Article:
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Learning Styles, Personality Type, and Pedagogy: How Do They Relate?

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Abstract:

Objectives
The first objective is to characterize PharmD student learning preferences as determined by the Learning Styles Inventory (LSI) and personality preferences as determined by the Myers-Briggs Type Indicator (MBTI). The second objective is to determine if learning preferences and personality preferences correlate with studentsÂ’ reported preferences for method of content delivery in two didactic, entry-level PharmD courses.
Methods
Two didactic courses employed narrated PowerPoint lectures available via the internet coupled with workshop or laboratory-based in-class sessions. At the beginning of a quarter, second year PharmD students were asked to complete the LSI, MBTI, and also to report their anticipated personal preferences for course content delivery. At the end of the quarter they were asked specifically about how well the content delivery in these two courses aided their learning and which of the delivery methods they preferred most.
Results
Aggregate student results from the two standardized instruments (LSI and MBTI) will be presented. Correlations between reported preferences for content delivery mechanisms and tested learning and personality preferences will be reported.
Implications
Results of this project will be used to inform curricular revision at the College and to allow faculty to modify pedagogy in order to reach varying types of learners. Results can also be used to help students understand and develop their non-preferred learning and personality types within a safe environment of the classroom for future application in the classroom and in practice settings
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Association:
Name: American Association of Colleges of Pharmacy
URL:
http://www.aacp.org


Citation:
URL: http://citation.allacademic.com/meta/p117853_index.html
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MLA Citation:

Kelley, Katherine., Brackett, Carolyn., Coyle, James. and Pruchnicki, Maria. "Learning Styles, Personality Type, and Pedagogy: How Do They Relate?" Paper presented at the annual meeting of the American Association of Colleges of Pharmacy, Sheraton San Diego Hotel & Marina, San Diego, California, USA, Jul 05, 2006 <Not Available>. 2013-12-16 <http://citation.allacademic.com/meta/p117853_index.html>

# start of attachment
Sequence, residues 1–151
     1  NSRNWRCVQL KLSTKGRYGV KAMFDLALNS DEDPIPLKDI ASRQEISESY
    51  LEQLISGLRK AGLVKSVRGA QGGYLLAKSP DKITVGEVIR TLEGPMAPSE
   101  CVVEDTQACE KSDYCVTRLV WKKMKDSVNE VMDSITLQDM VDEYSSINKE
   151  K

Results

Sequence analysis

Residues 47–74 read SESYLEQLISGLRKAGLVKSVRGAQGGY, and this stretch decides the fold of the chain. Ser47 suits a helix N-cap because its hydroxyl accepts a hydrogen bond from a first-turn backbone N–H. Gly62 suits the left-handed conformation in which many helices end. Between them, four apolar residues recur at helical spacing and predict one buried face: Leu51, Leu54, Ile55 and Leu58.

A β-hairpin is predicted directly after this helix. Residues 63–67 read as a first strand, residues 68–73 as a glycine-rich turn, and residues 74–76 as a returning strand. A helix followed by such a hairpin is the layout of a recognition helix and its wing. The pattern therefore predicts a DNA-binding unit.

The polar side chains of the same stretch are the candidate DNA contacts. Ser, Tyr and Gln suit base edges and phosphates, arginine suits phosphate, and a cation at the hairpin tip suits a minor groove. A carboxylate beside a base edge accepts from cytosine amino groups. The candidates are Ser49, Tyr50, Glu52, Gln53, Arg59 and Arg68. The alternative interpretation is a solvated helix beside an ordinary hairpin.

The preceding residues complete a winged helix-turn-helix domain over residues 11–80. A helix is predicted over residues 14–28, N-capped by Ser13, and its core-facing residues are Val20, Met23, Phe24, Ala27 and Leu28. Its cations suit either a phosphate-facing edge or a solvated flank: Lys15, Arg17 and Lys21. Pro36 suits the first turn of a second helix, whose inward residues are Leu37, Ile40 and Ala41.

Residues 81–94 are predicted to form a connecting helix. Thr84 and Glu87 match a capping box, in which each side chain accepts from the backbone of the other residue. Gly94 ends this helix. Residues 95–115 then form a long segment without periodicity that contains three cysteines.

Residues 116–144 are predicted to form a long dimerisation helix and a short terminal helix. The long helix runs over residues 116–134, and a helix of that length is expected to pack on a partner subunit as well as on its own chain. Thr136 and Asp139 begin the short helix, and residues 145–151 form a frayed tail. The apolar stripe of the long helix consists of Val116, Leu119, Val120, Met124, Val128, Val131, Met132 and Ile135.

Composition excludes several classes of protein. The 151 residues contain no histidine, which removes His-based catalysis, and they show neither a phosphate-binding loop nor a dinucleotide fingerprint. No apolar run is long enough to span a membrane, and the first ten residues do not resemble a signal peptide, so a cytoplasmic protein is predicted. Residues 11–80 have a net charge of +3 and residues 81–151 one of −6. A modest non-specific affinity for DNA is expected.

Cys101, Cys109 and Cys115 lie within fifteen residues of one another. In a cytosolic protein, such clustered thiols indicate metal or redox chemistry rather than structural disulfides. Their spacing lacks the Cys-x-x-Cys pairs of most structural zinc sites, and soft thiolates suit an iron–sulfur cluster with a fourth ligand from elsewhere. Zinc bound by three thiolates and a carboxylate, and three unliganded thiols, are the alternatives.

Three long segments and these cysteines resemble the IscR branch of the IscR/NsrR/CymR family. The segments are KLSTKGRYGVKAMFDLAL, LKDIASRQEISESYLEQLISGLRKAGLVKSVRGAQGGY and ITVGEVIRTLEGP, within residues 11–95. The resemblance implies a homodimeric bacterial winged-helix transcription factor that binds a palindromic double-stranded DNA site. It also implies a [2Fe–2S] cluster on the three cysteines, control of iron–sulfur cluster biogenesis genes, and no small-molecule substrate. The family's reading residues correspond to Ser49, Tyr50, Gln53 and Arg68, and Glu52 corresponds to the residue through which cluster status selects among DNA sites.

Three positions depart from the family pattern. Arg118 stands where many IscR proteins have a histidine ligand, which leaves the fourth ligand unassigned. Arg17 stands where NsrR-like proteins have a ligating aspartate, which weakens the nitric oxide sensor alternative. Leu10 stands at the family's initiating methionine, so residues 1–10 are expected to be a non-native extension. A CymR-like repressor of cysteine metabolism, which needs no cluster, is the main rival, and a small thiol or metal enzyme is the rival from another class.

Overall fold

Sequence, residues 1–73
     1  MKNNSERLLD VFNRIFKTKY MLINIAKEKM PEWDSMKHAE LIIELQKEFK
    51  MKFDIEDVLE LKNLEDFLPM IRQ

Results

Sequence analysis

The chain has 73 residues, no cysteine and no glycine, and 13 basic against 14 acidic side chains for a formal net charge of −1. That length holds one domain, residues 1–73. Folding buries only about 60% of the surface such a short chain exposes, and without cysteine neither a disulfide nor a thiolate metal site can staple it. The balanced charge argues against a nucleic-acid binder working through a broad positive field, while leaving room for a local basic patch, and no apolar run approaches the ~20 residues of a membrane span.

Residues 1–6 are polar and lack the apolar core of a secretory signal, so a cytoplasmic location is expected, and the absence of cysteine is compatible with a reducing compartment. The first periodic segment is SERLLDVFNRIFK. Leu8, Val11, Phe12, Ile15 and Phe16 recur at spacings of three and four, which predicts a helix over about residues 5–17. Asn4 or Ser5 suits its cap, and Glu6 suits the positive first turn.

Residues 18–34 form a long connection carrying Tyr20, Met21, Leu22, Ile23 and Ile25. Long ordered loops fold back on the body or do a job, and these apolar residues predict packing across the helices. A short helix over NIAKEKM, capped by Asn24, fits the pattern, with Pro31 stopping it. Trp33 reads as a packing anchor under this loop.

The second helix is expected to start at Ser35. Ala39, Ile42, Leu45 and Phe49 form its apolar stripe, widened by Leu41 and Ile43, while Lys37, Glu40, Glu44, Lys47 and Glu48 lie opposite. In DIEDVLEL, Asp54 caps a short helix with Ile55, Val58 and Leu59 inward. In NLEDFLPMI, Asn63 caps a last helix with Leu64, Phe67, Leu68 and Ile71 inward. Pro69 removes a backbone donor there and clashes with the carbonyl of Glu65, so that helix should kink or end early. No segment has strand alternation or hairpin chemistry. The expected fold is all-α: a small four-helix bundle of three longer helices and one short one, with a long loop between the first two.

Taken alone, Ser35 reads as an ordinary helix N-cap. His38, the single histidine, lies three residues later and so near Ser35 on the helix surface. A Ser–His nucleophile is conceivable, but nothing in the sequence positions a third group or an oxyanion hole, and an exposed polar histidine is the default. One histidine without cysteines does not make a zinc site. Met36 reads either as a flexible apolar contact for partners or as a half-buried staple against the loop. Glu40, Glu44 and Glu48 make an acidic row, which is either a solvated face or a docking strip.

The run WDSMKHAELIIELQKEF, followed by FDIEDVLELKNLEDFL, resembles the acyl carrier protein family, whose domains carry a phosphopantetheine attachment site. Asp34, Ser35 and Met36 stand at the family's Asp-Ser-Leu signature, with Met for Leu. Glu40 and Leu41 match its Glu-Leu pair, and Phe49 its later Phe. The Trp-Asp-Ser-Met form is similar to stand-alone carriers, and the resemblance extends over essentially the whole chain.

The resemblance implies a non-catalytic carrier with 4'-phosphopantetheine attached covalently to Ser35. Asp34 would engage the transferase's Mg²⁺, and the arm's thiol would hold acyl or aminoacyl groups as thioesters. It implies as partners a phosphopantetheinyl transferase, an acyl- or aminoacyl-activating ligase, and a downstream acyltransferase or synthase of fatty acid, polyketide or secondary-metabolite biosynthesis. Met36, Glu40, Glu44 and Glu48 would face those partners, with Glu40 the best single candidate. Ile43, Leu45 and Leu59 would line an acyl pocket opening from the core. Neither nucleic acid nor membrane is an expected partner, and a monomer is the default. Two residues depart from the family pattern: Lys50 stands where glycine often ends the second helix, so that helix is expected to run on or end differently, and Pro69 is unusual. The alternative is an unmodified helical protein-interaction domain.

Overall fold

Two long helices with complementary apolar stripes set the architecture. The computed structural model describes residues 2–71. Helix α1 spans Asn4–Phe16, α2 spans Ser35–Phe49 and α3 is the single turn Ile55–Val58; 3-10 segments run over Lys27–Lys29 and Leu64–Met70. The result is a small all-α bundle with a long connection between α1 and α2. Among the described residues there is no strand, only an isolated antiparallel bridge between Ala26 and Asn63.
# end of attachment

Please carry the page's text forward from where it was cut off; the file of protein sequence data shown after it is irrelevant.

APA Citation:

Kelley, K. A., Brackett, C. C., Coyle, J. and Pruchnicki, M. C. , 2006-07-05 "Learning Styles, Personality Type, and Pedagogy: How Do They Relate?" Paper presented at the annual meeting of the American Association of Colleges of Pharmacy, Sheraton San Diego Hotel & Marina, San Diego, California, USA <Not Available>. 2013-12-16 from http://citation.allacademic.com/meta/p117853_index.html

Publication Type: Abstract
Abstract: Objectives
The first objective is to characterize PharmD student learning preferences as determined by the Learning Styles Inventory (LSI) and personality preferences as determined by the Myers-Briggs Type Indicator (MBTI). The second objective is to determine if learning preferences and personality preferences correlate with studentsÂ’ reported preferences for method of content delivery in two didactic, entry-level PharmD courses.
Methods
Two didactic courses employed narrated PowerPoint lectures available via the internet coupled with workshop or laboratory-based in-class sessions. At the beginning of a quarter, second year PharmD students were asked to complete the LSI, MBTI, and also to report their anticipated personal preferences for course content delivery. At the end of the quarter they were asked specifically about how well the content delivery in these two courses aided their learning and which of the delivery methods they preferred most.
Results
Aggregate student results from the two standardized instruments (LSI and MBTI) will be presented. Correlations between reported preferences for content delivery mechanisms and tested learning and personality preferences will be reported.
Implications
Results of this project will be used to inform curricular revision at the College and to allow faculty to modify pedagogy in order to reach varying types of learners. Results can also be used to help students understand and develop their non-preferred learning and personality types within a safe environment of the classroom for future application in the classroom and in practice settings

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